Comtrend PG-9172 plugged in
The serial number label specs a 100 - 240 VAC 50/60 Hz operating range. But I was concerned that the label lacked any electrical safety lab certifications (UL, ETL, VDE, etc.). Another concern is the product carries an FCC mark on the box and the spec sheet references FCC certification. But there is no FCC mark on the device.
Comtrend PG-9172 serial number label
Comtrend's response was that "the product has passed UL pre-tests. UL Certification, though not required at time of shipment, is currently in process". The company also confirmed the PG-9172 is FCC certified and that they will "provide FCC ID details shortly". That will be interesting to see, since no other powerline adapter I've tested has an FCC ID.
Comtrend sent an Attestation of Conformity certificate for CISPR Pub. 22 / FCC Part 15 Subpart B (unintentional radiators), which allows them to apply the FCC mark. I have seen this mark on all HomePlug products I've tested, but also without an FCC ID. This is because the FCC ID number isn't required on Subpart B products and you won't find the number in the FCC ID database.
The callout diagram below shows a three light system, with Ethernet and powerline network indicators. The quick install guide description of the third light, Security, is confusing. It says G.hn adapters automatically connect in "non-secure" mode and instructs the user to press the Config button on each adapter you want securely connected. This would imply that the Security light is off by default. But all three lights glowed green when I just plugged in both adapters without pushing the Config button.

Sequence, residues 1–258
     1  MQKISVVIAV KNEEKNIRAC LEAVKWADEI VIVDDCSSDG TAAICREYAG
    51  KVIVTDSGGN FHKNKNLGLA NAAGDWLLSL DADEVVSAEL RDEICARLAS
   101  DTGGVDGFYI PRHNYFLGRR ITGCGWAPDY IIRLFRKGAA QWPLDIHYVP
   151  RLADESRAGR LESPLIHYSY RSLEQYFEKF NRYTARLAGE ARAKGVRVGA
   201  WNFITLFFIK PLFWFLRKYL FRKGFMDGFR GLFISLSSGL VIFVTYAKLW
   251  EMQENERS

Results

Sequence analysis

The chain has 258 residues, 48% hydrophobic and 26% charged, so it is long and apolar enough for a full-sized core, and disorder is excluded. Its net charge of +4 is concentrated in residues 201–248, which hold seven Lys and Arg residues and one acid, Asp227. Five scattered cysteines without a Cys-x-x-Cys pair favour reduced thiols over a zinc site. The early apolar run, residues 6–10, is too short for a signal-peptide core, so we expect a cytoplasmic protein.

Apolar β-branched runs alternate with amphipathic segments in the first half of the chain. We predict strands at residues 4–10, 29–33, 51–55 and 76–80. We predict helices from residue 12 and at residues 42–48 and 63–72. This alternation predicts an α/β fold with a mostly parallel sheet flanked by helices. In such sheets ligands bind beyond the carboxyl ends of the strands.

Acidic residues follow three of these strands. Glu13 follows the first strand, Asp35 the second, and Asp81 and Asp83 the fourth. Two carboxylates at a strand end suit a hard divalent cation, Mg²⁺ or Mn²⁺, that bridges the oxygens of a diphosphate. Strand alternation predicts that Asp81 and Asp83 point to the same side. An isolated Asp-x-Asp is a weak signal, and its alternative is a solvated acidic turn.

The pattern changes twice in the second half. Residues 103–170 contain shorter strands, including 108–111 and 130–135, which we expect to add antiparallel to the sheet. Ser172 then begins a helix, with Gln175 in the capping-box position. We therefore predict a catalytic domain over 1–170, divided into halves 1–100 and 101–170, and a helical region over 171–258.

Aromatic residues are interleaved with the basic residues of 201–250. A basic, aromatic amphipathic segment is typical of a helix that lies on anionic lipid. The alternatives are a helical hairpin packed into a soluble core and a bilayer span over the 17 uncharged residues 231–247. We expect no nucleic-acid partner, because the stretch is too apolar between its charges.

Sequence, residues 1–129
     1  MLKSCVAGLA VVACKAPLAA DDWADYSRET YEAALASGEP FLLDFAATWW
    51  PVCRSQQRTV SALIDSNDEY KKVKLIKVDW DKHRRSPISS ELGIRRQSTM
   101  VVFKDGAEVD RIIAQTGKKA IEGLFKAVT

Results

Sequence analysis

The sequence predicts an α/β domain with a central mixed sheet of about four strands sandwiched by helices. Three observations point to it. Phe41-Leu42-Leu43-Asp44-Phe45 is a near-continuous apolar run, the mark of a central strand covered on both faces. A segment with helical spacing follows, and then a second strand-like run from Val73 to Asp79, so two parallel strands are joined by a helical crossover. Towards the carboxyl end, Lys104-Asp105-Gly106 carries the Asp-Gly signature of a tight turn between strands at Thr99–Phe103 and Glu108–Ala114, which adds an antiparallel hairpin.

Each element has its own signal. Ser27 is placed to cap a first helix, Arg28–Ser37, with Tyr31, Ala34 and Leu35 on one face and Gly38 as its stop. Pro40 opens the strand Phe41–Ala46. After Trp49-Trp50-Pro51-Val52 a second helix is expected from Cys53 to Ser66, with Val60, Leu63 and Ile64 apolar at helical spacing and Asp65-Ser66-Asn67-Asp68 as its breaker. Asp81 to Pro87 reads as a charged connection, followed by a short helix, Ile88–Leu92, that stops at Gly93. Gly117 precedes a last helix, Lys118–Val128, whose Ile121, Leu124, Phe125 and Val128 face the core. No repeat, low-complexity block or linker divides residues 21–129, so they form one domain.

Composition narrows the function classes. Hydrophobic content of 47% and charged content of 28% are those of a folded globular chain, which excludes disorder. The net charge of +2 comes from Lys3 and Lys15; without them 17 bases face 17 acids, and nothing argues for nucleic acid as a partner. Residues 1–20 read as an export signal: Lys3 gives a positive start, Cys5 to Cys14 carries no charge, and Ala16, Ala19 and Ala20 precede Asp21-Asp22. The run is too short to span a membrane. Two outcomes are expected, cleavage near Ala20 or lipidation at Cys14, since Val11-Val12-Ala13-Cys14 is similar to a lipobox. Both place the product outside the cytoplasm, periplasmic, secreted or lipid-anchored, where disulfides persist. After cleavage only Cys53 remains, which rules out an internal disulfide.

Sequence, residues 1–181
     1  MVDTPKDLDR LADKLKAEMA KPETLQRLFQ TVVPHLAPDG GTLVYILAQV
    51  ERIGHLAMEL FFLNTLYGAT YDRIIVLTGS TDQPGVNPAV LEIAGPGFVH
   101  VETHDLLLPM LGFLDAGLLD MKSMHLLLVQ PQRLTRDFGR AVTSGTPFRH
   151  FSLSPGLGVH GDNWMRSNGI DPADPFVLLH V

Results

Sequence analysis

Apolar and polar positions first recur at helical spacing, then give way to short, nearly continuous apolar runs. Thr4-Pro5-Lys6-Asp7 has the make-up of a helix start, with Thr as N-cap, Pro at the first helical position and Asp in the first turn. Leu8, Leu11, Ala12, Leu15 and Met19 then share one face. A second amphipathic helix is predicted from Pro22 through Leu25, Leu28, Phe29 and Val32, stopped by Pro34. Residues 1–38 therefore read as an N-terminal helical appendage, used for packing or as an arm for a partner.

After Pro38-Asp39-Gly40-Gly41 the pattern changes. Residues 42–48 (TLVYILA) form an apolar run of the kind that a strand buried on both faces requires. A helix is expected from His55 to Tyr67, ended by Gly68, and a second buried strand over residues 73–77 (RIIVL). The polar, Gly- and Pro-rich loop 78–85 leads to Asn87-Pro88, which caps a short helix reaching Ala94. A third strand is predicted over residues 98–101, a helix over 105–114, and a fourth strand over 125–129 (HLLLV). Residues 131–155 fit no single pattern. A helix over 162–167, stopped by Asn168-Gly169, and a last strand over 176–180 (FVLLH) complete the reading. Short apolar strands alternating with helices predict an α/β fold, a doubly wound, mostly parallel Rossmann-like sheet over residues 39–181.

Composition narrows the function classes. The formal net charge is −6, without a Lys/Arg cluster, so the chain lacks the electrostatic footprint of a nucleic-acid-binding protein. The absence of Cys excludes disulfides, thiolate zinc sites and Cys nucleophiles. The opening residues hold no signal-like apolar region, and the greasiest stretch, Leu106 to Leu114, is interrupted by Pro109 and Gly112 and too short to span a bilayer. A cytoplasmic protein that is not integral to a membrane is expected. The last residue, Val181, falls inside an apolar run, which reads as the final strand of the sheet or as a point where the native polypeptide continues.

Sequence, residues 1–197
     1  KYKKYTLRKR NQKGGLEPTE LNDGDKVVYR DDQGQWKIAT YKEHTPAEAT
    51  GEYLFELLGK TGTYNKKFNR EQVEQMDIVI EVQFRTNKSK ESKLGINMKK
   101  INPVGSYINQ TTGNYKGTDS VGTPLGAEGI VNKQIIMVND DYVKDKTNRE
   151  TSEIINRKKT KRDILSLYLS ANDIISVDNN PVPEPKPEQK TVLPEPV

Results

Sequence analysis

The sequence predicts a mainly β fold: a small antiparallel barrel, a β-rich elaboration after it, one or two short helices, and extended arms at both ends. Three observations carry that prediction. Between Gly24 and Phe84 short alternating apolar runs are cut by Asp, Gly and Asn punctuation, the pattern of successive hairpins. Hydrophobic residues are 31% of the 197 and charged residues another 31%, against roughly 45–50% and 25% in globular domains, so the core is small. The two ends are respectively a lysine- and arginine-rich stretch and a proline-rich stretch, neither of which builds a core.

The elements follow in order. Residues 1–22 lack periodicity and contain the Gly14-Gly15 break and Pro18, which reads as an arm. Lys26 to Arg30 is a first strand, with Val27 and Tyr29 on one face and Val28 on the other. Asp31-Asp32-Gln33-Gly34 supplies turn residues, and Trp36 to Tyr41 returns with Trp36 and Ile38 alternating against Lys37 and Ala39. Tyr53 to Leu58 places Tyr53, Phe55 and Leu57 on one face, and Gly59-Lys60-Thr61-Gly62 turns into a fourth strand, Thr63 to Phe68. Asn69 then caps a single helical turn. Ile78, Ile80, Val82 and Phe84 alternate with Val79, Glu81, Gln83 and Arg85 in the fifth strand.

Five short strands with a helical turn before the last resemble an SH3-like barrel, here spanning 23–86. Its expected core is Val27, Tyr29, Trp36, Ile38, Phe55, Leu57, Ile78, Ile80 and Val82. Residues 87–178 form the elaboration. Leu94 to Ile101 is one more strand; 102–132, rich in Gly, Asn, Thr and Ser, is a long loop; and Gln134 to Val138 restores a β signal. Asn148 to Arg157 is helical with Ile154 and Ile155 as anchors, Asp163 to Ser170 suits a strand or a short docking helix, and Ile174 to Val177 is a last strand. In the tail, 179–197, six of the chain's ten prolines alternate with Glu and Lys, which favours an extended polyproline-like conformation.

My guess is that, like HomePlug, G.hn adapters connect with AES 128 bit encryption by default with a default password. And, like HomePlug, pushing the G.hn Config button is akin to pushing the Security button on HomePlug adapters, i.e. it changes the key so that factory-default adapters won't connect to your network. In either case, data is AES 128 encrypted.
Comtrend PG-9172 callouts
The spec sheet also states "Power-saving mode when inactive", but I couldn't find any documentation describing how it works. I plugged the adapter pair in and didn't connect anything to either Ethernet jack and both Connection and Security indicators remained lit even after 30 minutes.
There are two major G.hn chipset vendors, Marvell and Sigma Designs. The PG-9172 uses Marvell's G.hn solution, which has separate baseband and analog front end devices. Marvell's device uses MIMO via the power outlet ground pin, just as HomePlug AV2 MIMO adapters do.
Marvell G.hn adapter reference design block diagram
The photo below shows the board top, showing RAM and both Marvell G.hn devices. Key components are summarized in Table 1.
Comtrend PG-9172 board top
|Baseband||Marvell 88LX3142 G.hn digital baseband processor|
|AFE||Marvell 88LX2718 G.hn analog front-end|
|Ethernet||Marvell 88E1510 Gigabit Ethernet PHY|
Table 1: Component summary
The board bottom photo shows the 8 MB flash memory on the left and the Marvell 88E1510 Gigabit Ethernet PHY on the right.
Comtrend PG-9172 board bottom
The plastic case has no ventilation holes at all and gets moderately warm, even when idle.